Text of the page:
Tuesday, March 20, 2012

>The global race for excellence and skilled labour

The race to boost skill levels and enhance academic excellence is in full swing: expenditures for higher education and for research and development are increasing sharply around the world – and especially in emerging economies.

Higher education is on an uptrend not only in developed countries but also worldwide: the share of the world population with tertiary educational attainment is increasing rapidly. Only sub-Saharan Africa shows relatively disappointing performance; too little has been done there – except in South Africa.

The positions of the individual BRIC nations in the race are mixed: Russia is a ―nation of learning‖ which has had a lead on many developed economies for decades. Russia should step up its pace again, though, since China is rapidly catching up. Brazil and India are also showing improvements.

Industrial countries still hold the lead in the current dash to boost excellence: higher education systems are difficult to compare on account of data availability, yet an analysis of the ―Shanghai rankings‖ shows that the industrial countries dominate the field in terms of the excellence of their higher education systems.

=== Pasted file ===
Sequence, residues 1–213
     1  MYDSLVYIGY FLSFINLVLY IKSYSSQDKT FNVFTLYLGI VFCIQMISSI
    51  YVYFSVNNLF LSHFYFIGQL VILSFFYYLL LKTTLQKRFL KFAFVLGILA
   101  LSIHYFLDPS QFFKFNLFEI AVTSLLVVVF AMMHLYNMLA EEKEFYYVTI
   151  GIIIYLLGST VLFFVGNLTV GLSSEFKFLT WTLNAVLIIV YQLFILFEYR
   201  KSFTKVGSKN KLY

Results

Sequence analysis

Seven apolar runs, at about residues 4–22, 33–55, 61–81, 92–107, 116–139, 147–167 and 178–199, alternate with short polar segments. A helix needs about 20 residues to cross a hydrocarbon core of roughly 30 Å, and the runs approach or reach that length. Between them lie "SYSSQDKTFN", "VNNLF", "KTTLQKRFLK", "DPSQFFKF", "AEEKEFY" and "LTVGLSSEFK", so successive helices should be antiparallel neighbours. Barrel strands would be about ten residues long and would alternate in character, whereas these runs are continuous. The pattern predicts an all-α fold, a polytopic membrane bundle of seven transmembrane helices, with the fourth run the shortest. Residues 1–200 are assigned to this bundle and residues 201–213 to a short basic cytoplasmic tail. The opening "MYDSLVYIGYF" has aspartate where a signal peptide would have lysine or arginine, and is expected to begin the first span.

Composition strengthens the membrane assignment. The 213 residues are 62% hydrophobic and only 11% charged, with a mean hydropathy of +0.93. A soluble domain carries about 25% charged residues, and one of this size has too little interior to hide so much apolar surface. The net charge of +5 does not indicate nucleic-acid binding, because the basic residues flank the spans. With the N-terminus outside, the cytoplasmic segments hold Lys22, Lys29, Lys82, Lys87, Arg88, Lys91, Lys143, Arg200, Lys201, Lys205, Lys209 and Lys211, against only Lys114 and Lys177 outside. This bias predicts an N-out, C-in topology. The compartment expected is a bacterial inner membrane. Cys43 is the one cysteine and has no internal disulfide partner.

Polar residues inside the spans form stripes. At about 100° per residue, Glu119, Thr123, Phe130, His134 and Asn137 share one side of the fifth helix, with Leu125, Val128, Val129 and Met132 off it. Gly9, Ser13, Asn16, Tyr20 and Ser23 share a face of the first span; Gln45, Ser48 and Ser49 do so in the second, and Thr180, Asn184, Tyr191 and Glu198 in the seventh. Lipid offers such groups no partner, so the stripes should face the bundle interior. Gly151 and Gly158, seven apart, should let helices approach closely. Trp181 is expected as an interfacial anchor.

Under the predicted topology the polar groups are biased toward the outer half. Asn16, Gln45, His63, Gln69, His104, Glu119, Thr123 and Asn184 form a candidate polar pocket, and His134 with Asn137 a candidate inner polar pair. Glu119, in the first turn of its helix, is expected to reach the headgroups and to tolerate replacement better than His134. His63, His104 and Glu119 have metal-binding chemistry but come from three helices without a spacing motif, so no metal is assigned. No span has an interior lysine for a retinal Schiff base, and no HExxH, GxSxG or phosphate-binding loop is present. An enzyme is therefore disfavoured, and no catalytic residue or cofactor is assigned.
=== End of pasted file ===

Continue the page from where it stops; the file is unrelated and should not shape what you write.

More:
However, the emerging markets have joined the fray: the share of Chinese and Brazilian top universities has simply jumped since 2003.

Excellence via investment in research universities: our analyses show there is a significantly positive correlation between expenditures on education and scores in the Shanghai ranking. Germany poised to catch up: Germany trails comparably developed countries both in terms of spending on tertiary education and the share of tertiary educational attainment in the population. However, Germany produces more excellent universities than is to be expected from a statistical analysis.

A cross-border, project-economy approach to collaboration is a key factor in the dash to boost educational achievement: there is a need for cross-border projects, programmes and partnerships with aspiring institutions in other developed countries and emerging economies and for the creation of new possibilities to finance these initiatives in order to compete in the long-term race to produce more tertiary graduates and spur global progress in knowledge.

To read full report: GLOBAL RACE